After years of success breeding captive pandas, scientists at the Chengdu Research Base For Giant Panda Breeding (aka Chengdu Panda Base) in China are taking their efforts to the next stage and preparing captive-born cubs for release in the wild. This film follows one such researcher, whose passion leads her to initiate a new reintroduction technique inspired by a black bear rehabilitator in rural New Hampshire.
What starts as a cross-cultural collaboration becomes a life-changing journey for a team of scientists and one special panda named Qian Qian (pronounced Chen Chen). The film, captured with IMAX® cameras, follows Qian Qian on an exciting new adventure into the mountains of Sichuan as she experiences nature for the first time and discovers the freedom – and perils – of the wild side.Plot: An American biologist embarks on a life-changing journey to China to help scientists breed giant pandas and introduce the cubs into the wild.
Director: David Douglas, Drew Fellman
Aspect Ratio: 1.90 : 1 & 1:43:1
Runtime: 40 min
Trailer (See below)
This documentary was shot with IMAX and Red Weapon camera’s capable of shooting up to 8K resolution. With those numbers you can guarantee that this documentary will fill your screen with 4K candy. On top of that, there is no grain, so you will get a very clean, natural image throughout. The majority of this presentation was shot outdoors in the wilderness of China and in rural New Hampshire. As you can expect, you’ll get beautiful panoramic shots of those locations and various cities, forests, streams and waterfalls. Nature always looks good on the big screen, that holds true here.
Beyond the crystal clear image, you will see the HDR shine in the fall shots of New Hampshire. The trees vary in color from red, green, orange and everywhere in between — it looks so sharp and colorful you’d think it was fake if you’ve never been there before. (Google: Fall New Hampshire) With this high resolution you will be able to pick up little details like specks of dirt on the Pandas fur, the dampness of a recent rainfall or the various looking textures on the bark of bamboo. There’s nothing negative to say about anything visual from this digital stream. Did I saw stream?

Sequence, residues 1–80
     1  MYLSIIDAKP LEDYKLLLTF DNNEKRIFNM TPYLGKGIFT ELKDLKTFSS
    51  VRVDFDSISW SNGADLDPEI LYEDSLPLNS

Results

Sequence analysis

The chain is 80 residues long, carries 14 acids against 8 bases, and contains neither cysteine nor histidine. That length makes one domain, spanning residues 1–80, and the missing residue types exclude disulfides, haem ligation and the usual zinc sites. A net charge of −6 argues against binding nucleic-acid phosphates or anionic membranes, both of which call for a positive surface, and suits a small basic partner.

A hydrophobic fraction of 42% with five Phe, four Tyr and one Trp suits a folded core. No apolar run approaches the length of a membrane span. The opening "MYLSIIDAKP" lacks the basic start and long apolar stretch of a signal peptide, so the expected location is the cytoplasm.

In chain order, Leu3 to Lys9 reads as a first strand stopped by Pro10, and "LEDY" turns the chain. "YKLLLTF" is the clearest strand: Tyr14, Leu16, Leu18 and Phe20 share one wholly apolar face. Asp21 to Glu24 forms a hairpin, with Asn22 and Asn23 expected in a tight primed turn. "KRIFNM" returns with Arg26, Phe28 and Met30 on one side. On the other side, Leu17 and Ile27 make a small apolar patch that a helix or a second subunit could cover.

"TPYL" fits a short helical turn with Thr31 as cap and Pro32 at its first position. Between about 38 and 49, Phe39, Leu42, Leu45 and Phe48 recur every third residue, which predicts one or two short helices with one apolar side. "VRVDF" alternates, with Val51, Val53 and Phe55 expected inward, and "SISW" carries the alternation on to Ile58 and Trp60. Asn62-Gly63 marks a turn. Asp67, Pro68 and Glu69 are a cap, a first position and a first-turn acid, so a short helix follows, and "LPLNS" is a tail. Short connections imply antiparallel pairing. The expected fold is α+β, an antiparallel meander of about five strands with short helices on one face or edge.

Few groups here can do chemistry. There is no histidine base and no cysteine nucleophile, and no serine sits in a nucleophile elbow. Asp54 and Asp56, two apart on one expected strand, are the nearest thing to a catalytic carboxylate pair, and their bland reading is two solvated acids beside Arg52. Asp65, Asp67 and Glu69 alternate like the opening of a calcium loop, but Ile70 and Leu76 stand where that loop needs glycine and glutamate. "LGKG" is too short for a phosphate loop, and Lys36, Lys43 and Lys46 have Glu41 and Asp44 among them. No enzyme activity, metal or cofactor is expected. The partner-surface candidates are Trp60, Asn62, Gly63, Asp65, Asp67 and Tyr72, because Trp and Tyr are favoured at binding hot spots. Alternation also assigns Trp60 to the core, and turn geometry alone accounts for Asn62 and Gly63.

This is the first time I have ever reviewed something from a digital only perspective and it still hits all the marks. When it comes to a full circle conclusion; if you’re like me and you love watching documentaries on nature and animals — this is sure to hit the spot. It’s only 40 minutes, but it does pack a punch with breath-taking shots, deep knowledge, added drama, a start to finish story and more importantly, what we can do to help keep the species alive. It’s easy to sit down and watch, not only by yourself, but with the entire family. This comes highly recommended if this kind of thing interests you.
As of this very second you can own IMAX Pandas on Digital! Have you seen this? Let me know in the comment section below.
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